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"pleasure, without trouble, and capable of pro"ducing those beneficial properties of fixed air, "which too frequently evaporate in the soda "water in stone bottles, by bad corks, or long "keeping, with the superior advantages of being "more grateful to the palate, and is so portable, "that the quantity of a table-spoonful is sufficient "for half a dozen tumblers, and only a quarter "the expense, therefore particularly desirable for (' families travelling, or going to the East or "West Indies. It having met with the approba"tionofthe faculty, the proprietor is induced to "make it public. The sodaic powder is pre(' pared, and sold only by A. S. Burkitt, chymist, ," No. 29, Fleet Street (opposite St. Dunstan's "Church), and signed by him. Orders sent by "post immediately attended to."

We by no means coincide in opinion with Mr, Burkitt, that a solution of his powder, is either similar to the soda water, or capable of producing the same beneficial effects. The soda water is a solution of soda, saturated with fixed air, but Mr, Burkitt's powder do not contain a greater portion of fixed air than its natural quantity, which must, in a great measure, escape on its dissolving with the acid powder with which it is mixed, before it can be swallowed. The soda, in the soda water is not neutralized, but in the solution the sodaic powder, the soda on uniting with the acid, is rendered a neutral salt, by which means the efficacy attributed to the soda water, in gravel and stone, is destroyed. The soda water is generally prescribed in cases of stone and gravel, and is perhaps the only medicine we have that is entitled to the term of a Jithontriptic, which Mr. Burkitt's preparation has no pretensions to. Mr. B's preparation is likewise an aperient medicine, which in cases of stone and gravel, attended with great debility and irritability of . bowels, might be productive of serious mischief. The sodaic powder may therefore be considered nothing: more than thetartarised natron, taken in a state of effervescence, which as a cooling beverage in warm climates, may answer as well as the soda water, but in nephritric complaints, cannot be deemed a proper substitute for the soda water. We doubt much, therefore, that any gentleman of the faculty acquainted with the composition, would advise Mr. B. to persist in advertising it as a substitute for soda water. Mr. Burkitt's business being of a regular kind, and seemingly free from empirical practices, we expected to have found this preparation the supercarbonated soda, which he might with some propriety have recommended for making the soda water; but we con* ceive, that 9, character who soars above empiricism, would never descend to advertise any preparation in the daily papers, particularly one to which he has no origmal claim. If any person make a discovery of real utility, he has other channels to communicate it, either to the medical profession, or the public, viz. "The Medical Periodical Works," the Editors of which, would readily give it publicity, and if it have any merit, it will be duly sanctioned and recommended by the faculty, which will tend more to the honor and emolument of the inventor, than the derogatory medium of newspapers.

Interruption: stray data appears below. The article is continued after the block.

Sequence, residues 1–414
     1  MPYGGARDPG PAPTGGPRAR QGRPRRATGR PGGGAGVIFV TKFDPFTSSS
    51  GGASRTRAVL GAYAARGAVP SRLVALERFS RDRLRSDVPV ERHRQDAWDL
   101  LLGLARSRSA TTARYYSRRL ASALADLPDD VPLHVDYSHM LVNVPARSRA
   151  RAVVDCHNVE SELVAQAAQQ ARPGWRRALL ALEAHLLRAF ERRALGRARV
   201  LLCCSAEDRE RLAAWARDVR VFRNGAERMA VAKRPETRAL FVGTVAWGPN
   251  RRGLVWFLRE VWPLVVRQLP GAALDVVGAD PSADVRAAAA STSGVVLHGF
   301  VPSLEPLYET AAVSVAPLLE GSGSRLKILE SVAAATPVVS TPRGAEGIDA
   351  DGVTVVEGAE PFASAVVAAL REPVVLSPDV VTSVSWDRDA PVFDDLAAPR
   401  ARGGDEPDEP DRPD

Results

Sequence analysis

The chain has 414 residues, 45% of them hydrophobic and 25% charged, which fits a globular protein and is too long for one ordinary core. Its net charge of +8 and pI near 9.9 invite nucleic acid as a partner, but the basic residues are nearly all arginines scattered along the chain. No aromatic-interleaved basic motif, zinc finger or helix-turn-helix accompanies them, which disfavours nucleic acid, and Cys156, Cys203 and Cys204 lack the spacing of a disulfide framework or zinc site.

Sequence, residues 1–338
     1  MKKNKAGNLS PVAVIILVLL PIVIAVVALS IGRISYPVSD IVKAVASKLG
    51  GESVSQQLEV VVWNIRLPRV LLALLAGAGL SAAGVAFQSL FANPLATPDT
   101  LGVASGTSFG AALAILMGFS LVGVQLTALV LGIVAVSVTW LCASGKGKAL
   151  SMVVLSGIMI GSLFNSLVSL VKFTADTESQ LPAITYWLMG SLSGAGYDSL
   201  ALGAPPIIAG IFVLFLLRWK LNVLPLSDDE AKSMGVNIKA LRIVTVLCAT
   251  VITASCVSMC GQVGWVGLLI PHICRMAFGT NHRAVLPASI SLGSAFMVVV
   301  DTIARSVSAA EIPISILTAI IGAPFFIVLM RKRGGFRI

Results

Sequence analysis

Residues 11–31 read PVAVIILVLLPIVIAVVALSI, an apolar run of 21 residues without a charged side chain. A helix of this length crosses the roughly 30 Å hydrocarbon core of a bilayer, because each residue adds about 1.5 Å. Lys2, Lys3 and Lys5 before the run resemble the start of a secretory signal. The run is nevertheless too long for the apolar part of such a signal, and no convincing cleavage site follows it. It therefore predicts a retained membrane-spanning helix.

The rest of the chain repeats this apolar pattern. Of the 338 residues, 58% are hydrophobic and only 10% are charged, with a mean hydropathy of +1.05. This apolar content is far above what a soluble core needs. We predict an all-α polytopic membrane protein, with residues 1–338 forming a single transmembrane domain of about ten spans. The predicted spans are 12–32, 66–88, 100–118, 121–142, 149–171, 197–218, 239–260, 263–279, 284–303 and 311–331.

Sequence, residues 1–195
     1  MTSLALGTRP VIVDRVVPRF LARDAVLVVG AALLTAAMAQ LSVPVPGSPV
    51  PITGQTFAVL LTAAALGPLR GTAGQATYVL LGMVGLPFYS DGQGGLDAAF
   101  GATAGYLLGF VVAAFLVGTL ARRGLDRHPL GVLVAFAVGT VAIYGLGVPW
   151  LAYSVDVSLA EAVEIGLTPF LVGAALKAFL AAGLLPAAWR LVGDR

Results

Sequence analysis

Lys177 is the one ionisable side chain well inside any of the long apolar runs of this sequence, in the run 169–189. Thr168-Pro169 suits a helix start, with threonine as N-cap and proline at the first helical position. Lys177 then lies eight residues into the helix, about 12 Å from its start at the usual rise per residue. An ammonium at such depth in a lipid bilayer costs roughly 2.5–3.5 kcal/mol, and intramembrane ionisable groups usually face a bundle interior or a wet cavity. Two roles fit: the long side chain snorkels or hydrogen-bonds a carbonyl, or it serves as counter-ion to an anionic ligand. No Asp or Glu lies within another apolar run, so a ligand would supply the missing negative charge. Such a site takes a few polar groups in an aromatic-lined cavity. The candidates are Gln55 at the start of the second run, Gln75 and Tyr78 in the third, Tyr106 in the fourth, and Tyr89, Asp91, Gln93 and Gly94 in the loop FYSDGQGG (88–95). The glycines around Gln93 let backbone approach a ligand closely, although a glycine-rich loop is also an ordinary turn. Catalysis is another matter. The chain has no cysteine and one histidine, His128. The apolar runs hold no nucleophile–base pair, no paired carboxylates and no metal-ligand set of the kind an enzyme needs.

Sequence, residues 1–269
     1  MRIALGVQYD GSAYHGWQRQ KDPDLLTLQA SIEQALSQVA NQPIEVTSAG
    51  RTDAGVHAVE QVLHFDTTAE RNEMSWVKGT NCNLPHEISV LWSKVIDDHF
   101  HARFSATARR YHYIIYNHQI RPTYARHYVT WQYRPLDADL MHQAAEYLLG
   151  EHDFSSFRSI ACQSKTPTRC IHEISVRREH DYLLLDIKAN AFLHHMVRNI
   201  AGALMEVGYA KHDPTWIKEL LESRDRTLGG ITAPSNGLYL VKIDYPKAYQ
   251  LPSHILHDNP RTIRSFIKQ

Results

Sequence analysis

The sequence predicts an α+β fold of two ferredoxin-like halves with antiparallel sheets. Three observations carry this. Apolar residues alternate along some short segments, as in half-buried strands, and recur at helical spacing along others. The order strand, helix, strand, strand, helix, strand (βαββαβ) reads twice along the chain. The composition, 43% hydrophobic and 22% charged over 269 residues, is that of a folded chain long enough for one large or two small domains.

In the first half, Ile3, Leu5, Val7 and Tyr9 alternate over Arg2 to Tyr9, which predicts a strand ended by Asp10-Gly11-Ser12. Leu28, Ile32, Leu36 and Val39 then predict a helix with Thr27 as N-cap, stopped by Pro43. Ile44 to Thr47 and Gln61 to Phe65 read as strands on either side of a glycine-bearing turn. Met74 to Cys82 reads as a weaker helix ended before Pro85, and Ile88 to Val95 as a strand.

Sir John Hill, it is stated, was the inventor of this medicine, of which the following account is given in the bill of directions.

"The Linnasus of Britain (for such was Sir John "Hill emphatically called,) recommends this ex"cellent preparation, as the most salutary and "effectual remedy for recent colds, obstinate "coughs, sore throats,' difficulty of breathings '.' asthmas, catarrhs, and all disorders of the breast '' and lungs. Congealed phlegm, acrimony in the "fluids and obstructions in the glands, are gently "and safely discharged by easy expectoration, "wheezings, and uneasiness in breathing are speed"ily removed by a few doses. It takes off the "irritation, opens the thoracic duct, and heab "the soreness of the breast and lungs. Thirty '.' years experience has confirmed the recommend* "ation in the immediate relief and gradual cure '' of coughs, colds, asthmas and consumptions. *' It is the greatest preserver of the lungs ever "discovered, and contains all the healing, soft"ning, and soothing qualities of that salubrious "extract of flowers, called honey, and the richest "balsams of the eastern world; it is a restorative '' as asses' milk, and never disagrees with the '' stomach; a common cold yields to its benign '' influence in a few hours; and when resorted to, "before the complaint is far advanced, all danger "of consumption is certainly prevented."